Recent updates: As of Friday, March 13th, Governor Polis “announced he was “issuing guidance” requiring cancellation of large public gatherings of over 250 people “unless they can successfully take steps” to limit contact between people to six feet.”” Colorado Public Radio story

Winter markets that are currently operating: please make sure to follow this guidance. Consider temporarily redesigning market locations to limit contact and still allow people to purchase from vendors.  If your market brings fewer than 250 people together, it is still critical to consider the guidelines below. Eagle, Garfield and Pitkin counties have prohibited gatherings and events of more than 50 people.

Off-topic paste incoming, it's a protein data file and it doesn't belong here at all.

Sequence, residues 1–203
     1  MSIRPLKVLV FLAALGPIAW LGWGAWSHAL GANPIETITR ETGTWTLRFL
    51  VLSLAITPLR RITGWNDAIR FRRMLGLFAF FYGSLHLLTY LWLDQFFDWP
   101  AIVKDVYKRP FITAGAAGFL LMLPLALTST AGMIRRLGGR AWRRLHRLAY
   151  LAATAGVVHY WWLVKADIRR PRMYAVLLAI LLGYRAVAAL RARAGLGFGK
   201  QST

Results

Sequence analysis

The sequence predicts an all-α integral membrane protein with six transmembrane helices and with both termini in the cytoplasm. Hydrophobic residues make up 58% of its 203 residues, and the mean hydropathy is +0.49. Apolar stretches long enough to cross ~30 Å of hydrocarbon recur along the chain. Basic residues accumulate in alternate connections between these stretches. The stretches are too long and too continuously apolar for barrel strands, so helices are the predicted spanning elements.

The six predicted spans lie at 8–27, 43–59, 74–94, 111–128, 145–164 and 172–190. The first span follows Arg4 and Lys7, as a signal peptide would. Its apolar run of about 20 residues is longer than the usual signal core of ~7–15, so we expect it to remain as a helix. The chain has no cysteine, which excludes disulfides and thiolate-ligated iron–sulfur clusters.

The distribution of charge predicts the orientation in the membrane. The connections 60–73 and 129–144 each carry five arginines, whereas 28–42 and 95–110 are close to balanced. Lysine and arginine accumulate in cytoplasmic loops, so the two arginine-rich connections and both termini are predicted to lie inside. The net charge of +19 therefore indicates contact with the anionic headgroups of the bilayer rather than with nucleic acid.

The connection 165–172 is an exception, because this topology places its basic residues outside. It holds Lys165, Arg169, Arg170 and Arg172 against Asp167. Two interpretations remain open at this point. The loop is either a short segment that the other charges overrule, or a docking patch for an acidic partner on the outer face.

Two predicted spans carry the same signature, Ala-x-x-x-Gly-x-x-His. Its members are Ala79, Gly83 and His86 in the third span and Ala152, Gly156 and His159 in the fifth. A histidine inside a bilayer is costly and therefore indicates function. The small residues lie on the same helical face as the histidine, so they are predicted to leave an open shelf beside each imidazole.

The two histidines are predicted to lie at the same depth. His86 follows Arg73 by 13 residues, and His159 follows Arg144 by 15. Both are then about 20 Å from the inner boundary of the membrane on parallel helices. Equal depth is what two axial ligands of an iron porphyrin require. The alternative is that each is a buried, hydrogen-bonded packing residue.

Stay Informed

Farmers market operators should consult their local health departments and the Colorado Department of Public Health and Environment for current public health information pertinent to their community.  Regularly read the updates and recommendations available on their website and sign up for any alerts offered by local or county-level health officials. The CDC has issued interim guidance for large public gatherings with useful steps. Highlights include:

 

Market Operations

Markets in Colorado that are currently open for business should take precautions to minimize exposure risks to vendors and customers. Markets that anticipate opening in April, May and beyond, should implement practices to ensure a safe environment in which business can continue. Consider the following:

  • Do not allow vendors or others to offer demonstrations or food samples.
  • Reduce or suspend penalties for last-minute vendor cancellations.